I've been to Boston once, but it doesn't really count. I was 15 or 16. We went as a family, stayed at a sweet hotel for a conference my dad was attending. I didn't want to be there, wanted instead to be on my Boston Whaler on the river, or on the phone with my girlfriend or in a semi-trance listening to Pink Floyd.
We hit Cheers and went around the city a bit, but I wasn't there, really. My dad wanted the two of us to hit Fenway Park and size up the Green Monster. Nah, I'm gonna hang at the hotel. What a shit.
It would have served us both better if he had punched me in the gut and kneed me in the face as a wake-the-fu%& up call, but that kind of thing is frowned up, and my dad didn't roll like that. He went by himself.
I have hated talking on the phone since that summer--a kind of existential response to wasting so much time tethered to a wall that could have been spent exploring, living. We did our share of living that summer also, but still.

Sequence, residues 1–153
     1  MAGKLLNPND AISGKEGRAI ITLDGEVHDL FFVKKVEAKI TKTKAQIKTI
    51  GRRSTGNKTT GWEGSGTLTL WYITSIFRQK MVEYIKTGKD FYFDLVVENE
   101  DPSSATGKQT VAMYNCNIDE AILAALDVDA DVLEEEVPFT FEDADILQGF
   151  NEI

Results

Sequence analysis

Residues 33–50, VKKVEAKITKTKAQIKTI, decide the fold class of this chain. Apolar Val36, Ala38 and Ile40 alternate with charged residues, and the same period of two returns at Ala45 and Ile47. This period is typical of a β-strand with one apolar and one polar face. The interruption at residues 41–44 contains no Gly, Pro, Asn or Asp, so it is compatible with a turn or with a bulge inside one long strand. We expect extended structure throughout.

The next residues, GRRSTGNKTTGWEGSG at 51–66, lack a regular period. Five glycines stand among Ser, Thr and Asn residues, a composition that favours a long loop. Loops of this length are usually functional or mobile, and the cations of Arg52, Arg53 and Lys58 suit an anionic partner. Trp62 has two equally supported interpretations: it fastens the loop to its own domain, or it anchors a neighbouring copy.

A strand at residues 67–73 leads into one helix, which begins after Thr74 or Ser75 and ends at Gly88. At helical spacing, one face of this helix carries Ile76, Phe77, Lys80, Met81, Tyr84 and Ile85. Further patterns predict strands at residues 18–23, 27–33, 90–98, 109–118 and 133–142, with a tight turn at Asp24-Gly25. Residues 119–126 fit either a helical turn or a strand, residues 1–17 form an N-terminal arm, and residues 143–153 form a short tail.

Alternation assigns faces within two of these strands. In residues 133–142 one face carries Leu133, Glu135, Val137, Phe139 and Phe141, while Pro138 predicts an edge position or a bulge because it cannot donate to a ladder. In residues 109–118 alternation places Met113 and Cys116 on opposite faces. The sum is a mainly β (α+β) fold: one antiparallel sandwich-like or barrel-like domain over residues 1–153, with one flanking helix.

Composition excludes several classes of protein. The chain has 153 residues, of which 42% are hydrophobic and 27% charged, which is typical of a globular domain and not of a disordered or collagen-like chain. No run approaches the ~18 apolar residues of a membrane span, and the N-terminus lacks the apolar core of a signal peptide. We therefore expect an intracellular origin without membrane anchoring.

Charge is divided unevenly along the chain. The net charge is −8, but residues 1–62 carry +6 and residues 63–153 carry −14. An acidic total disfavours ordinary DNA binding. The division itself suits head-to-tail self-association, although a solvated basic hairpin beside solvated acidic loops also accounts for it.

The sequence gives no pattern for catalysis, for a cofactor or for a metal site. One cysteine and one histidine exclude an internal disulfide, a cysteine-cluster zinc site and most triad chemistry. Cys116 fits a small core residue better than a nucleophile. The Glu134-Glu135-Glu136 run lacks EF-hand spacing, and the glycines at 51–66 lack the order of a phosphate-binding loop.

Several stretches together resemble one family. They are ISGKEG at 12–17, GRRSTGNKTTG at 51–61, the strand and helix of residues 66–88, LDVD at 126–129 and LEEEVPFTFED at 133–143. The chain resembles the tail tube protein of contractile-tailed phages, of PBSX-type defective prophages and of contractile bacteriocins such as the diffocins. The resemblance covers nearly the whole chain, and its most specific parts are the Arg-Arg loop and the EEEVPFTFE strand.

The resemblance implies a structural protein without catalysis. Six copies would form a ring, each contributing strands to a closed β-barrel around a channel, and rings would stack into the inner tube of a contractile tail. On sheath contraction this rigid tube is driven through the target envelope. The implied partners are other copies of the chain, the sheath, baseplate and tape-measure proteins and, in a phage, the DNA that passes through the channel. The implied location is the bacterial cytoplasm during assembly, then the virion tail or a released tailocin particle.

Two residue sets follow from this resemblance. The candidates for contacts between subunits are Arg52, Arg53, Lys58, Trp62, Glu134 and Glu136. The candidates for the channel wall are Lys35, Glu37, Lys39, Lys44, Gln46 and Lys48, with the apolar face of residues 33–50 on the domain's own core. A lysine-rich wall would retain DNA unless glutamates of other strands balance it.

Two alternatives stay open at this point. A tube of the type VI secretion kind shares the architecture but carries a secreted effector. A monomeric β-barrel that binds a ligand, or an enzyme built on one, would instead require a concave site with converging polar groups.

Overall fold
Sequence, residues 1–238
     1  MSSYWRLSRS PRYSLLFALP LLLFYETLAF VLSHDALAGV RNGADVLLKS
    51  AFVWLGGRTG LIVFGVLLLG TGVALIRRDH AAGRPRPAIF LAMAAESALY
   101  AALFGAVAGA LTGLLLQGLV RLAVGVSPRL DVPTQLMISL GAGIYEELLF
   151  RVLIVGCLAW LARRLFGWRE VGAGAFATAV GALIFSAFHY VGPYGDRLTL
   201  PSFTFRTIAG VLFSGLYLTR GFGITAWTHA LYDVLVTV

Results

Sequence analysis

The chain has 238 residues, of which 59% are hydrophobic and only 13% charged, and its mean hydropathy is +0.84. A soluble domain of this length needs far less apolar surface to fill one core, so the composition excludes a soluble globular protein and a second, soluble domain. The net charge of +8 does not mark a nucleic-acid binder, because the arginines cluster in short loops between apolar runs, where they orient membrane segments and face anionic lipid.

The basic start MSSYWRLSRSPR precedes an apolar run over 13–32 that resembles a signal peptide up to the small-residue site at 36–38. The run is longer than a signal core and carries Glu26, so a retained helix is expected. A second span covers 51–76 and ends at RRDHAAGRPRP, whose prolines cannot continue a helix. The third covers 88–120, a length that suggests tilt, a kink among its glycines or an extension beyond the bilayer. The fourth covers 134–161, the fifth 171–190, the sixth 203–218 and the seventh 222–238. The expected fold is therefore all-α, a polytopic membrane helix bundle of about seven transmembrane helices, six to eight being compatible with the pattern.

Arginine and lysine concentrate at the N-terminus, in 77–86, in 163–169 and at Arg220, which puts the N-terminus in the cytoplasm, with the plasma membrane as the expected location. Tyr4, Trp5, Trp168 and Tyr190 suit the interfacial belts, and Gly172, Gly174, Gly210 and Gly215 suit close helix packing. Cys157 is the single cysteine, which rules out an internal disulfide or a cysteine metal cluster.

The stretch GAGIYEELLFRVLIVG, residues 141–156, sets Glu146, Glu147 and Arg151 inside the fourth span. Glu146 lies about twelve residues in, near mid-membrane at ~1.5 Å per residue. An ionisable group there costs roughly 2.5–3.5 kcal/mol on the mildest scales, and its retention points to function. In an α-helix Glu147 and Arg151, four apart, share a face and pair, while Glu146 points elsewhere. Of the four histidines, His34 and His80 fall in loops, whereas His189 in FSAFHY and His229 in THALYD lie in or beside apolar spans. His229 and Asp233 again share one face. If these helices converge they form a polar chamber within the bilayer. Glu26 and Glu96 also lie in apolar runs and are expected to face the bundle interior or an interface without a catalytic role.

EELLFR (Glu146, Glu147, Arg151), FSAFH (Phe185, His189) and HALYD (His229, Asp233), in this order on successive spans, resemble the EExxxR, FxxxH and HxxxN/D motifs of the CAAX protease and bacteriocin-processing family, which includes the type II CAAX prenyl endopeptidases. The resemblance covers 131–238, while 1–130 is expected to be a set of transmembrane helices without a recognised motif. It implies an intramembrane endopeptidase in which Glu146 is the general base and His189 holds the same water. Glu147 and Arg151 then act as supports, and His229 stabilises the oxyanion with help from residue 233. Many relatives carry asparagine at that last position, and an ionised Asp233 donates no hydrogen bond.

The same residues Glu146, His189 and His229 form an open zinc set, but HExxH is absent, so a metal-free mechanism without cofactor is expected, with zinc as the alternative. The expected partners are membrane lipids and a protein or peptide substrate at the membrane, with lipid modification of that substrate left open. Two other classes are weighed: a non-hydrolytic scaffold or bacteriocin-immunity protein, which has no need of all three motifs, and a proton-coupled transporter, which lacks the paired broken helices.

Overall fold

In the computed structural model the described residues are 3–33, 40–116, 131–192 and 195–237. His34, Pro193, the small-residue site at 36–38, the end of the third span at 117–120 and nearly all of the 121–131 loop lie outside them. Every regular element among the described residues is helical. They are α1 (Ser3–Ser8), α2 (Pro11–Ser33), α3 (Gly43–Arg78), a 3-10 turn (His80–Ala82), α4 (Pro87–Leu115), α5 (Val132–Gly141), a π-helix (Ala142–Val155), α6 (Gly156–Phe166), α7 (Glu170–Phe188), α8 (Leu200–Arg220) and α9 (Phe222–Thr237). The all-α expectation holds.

Perspective seems to smooth out the rough wake we've kicked out. Or maybe perspective is just distance mixed with common sense and maybe we don't feel things as strongly now as when we were earlier versions of ourselves. I don't know.
I can tell you that if I go back to Boston, I'm going to Fenway Park. I'm gonna check out the Green Monster.
On Homesickness. - The second time I went to New England was after a prolonged time in the deep south. My tenure at Louisiana State University had come to a close (relativel...